Right now the Utah Jazz are in that "no-man's land" where a team isn't good enough to compete for a title, but not overtly bad enough to get lucky in the draft. The good news is that our current "no-man's-land" is better than the one we had with Al Jefferson, Mo Williams, and Paul Millsap. Why do I say that? It's obvious. Those three guys are at their peak or post their peak in terms of physical ability. With them as the primary players the team wasn't going to improve by itself. With our current core led by Gordon Hayward, Derrick Favors, Rudy Gobert, and others the average age of this team is 23 years old. We're younger, and doing just as well for the most part. And because the team is younger they still have years ahead of them for organic growth and development. A younger core is likely to get better. And that's why Dennis Lindsey did what he did in free agency all those years ago.
So where are the Jazz now, besides "no-man's-land"? Well, they aren't competing for a title right now, and they may also be too far out to overtly tank.
Western Conference Standings:
Last night all of the teams better than the Jazz all won, and all the teams worse than the Jazz all lost. I suppose that we're going to see this a lot over the next few weeks. While the Jazz are "in the same neighborhood" as SAC and DEN, I think our team is already better than them, and has more of a reason to say to play better as well. (Coin flip: The other two teams have more reasons to want to lose.)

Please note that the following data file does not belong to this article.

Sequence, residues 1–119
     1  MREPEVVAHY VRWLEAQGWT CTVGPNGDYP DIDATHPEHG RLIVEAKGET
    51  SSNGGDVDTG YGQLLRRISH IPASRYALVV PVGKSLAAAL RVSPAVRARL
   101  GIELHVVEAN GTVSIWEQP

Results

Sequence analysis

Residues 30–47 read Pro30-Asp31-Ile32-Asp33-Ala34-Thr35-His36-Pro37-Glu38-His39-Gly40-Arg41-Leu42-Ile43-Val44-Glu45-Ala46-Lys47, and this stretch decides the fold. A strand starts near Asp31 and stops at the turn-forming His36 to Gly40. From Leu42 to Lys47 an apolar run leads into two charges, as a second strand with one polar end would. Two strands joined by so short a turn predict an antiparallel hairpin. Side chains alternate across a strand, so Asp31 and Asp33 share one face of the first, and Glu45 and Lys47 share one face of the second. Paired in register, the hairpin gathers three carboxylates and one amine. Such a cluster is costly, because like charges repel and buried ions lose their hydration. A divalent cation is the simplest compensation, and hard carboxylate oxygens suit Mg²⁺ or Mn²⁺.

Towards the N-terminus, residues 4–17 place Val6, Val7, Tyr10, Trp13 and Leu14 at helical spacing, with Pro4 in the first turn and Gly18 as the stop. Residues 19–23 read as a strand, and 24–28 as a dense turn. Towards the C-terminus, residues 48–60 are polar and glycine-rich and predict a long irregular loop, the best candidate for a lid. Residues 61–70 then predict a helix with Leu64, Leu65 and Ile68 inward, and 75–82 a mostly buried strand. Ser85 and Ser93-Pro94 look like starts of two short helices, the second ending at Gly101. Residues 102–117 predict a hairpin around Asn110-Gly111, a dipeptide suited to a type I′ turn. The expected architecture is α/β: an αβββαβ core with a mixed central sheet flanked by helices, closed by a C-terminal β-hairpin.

Sadly, the Jazz are not really in striking distance of the Suns or Pelicans either. In a way in the West, the Jazz are the best bad team, and not the worst good team just yet. We'll check in on this for the rest of the season and I am sure the Jazz team will be the one who ultimately decides where they stand.
For those who don't make the playoffs, there's always the lottery. The trick here is to not ALWAYS be in the lottery, though. Some franchises, like the Kings and Timberwolves always seem to be there, but never low enough to get a player who is a difference maker.
Utah looks to be a team picking at the end of the lotto, especially if one or two teams jump up ahead during the lotto. It's fun to see them right next to the Celtics again, for the second straight year. It would take a monumental effort for the Jazz to make some ground on the Bottom 5 teams (NYK, PHI, MIN, LAL, ORL) -- we'd have to lose more than they do. And I don't see that happening at all.
Can the Jazz get into that group with the Nuggets, Kings, and Pistons? Probably not. I see our squad being more competitive down the stretch. Detroit may have been a team ahead of us in the real standings had Brandon Jennings not gotten injured. But he did, and a potential East playoff team is now likely to pick ahead of us in the draft. This is going to be the case no matter what as some of these East teams drop out of the race.
But at the beginning of March what we see is that the Jazz aren't in the Playoff chase in the West, and aren't in the Lotto race either. What is good, though, is that we're finally in a place where we no longer have to root to lose. And that really means our team has turned the corner.